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Patti, Province of Messina, Sicily, Italy





The town rises on the northern slope of the Monti Nebrodi, with the Timeto stream to the east and the Montagnareale to the west.

The area is intensively cultivated with olive trees, vinayards, citrus orchards, palms and banana trees, and also includes the seaside resort of Marina di Patti. The most ancient part is medieval, with narrow stairways and alleys, and the castle at top.

Info

Population: about 13,000 inhabitants -- Zip/postal code: 98066 -- Phone Area Code: 0941

History

For the beautiful position and fertile lands, the area was inhabited since antiquity, as shown by items of the Bronze Age found in the Contrada Monte. In the vicinity there was the Greek colony of Tyndaris, founded in 396 BC by Dionysius the Elder, famous for the Battle of Tindary where the Romans deafeated the Carthaginians. It was a flourishing Roman colony with the name of Augusta Tyndaritanorum, then in the early centuries of the Christian era Tyndaris was also a bishopry.

Unfortunately a number of earthquakes and landslides started its decadence, until it was finally destroyed by Muslim pirates in 836 AD. Its survivors dispersed in the area, and a number of them founded a new site, located on the high ground overlooking the Tyrrhenian Sea in the present Gulf of Patti and called it "Epì Akten" (=on high banks) which name then changed into Patti.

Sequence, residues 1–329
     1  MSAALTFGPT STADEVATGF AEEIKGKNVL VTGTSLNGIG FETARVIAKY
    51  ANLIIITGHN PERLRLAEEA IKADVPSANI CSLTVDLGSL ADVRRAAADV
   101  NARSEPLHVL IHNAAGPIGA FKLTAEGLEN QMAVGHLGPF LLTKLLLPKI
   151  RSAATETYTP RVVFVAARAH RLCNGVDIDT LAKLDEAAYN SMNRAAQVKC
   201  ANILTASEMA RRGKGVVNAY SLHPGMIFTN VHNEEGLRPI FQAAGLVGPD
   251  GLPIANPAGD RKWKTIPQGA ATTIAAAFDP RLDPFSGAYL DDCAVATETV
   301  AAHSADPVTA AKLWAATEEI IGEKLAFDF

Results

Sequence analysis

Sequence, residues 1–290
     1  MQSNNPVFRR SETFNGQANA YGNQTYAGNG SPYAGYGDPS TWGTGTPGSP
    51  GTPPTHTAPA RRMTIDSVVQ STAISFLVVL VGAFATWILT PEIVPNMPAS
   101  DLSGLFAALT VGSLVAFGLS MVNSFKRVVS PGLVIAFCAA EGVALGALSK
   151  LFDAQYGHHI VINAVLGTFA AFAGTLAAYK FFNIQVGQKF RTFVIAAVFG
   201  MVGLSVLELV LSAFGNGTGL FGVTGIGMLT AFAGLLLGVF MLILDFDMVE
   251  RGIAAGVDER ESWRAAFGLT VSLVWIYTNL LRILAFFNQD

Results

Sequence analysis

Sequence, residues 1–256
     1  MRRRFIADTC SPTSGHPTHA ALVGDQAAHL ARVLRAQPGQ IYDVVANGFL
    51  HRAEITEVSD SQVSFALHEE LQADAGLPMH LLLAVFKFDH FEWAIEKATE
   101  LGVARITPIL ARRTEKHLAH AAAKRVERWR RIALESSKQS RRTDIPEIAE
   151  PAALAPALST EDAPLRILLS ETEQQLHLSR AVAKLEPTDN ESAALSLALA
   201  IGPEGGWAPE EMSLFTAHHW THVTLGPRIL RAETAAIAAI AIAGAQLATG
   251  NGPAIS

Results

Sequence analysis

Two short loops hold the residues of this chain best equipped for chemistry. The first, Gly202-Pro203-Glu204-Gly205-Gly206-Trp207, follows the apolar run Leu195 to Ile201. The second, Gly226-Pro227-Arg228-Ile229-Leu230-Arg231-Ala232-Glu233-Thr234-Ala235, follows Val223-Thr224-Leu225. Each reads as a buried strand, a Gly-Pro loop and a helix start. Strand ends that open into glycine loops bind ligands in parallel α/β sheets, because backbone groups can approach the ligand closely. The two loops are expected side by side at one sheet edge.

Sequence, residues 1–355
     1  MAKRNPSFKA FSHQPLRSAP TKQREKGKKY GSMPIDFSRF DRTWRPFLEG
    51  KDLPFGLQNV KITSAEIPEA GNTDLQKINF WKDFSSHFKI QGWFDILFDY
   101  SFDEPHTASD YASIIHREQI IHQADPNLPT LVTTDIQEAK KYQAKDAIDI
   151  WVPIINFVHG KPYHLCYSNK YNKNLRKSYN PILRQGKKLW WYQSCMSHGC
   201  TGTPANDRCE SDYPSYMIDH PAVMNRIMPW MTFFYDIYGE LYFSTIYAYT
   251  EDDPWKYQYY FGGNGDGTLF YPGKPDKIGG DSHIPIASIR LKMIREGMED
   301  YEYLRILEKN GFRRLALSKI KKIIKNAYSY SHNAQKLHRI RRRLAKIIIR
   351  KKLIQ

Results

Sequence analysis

The place was mentioned in 1104 AD, when COunt Roger of Altavilla established a monastery in Patti, probably on the spot of a previous Byzanthine building. After Roger's death his widowed wife Adelaide of Monferrat remarried Baldwin of France, but her unhappy second marriage led her to take refuge in the monastery of Patti, where she died in 1117 and was buried in the Cathedral.

The town grew in importance under the Normans and was again a bishop's seat, and rose again also after the terrible pillage of Tunisian pirate Barbarossa in 1544. After the Battle of Lepanto, which brought to a halt the pirate raids in the Mediterranean, the population started to move to lower areas, and formed the borough of Patti Marina, which became a flourishing export harbor of local ceramics throughout the Mediterranean.



Province of Messina

What to see

  • The cathedral, of Norman origin but rebuilt in the 18th century, preserves the Renaissance sarcophagus in the transept to the right which is the resting place of Queen Adelaide, the mother of Roger II, and a fine 16th-century painting of the Virgin by Antonello de Saliba.
  • The ruins of Tyndaris, including a basilica, a theater, a lavish Roman Villa of the Late Empire with mosaics and baths, against the wonderful background of the sea.

Where to stay



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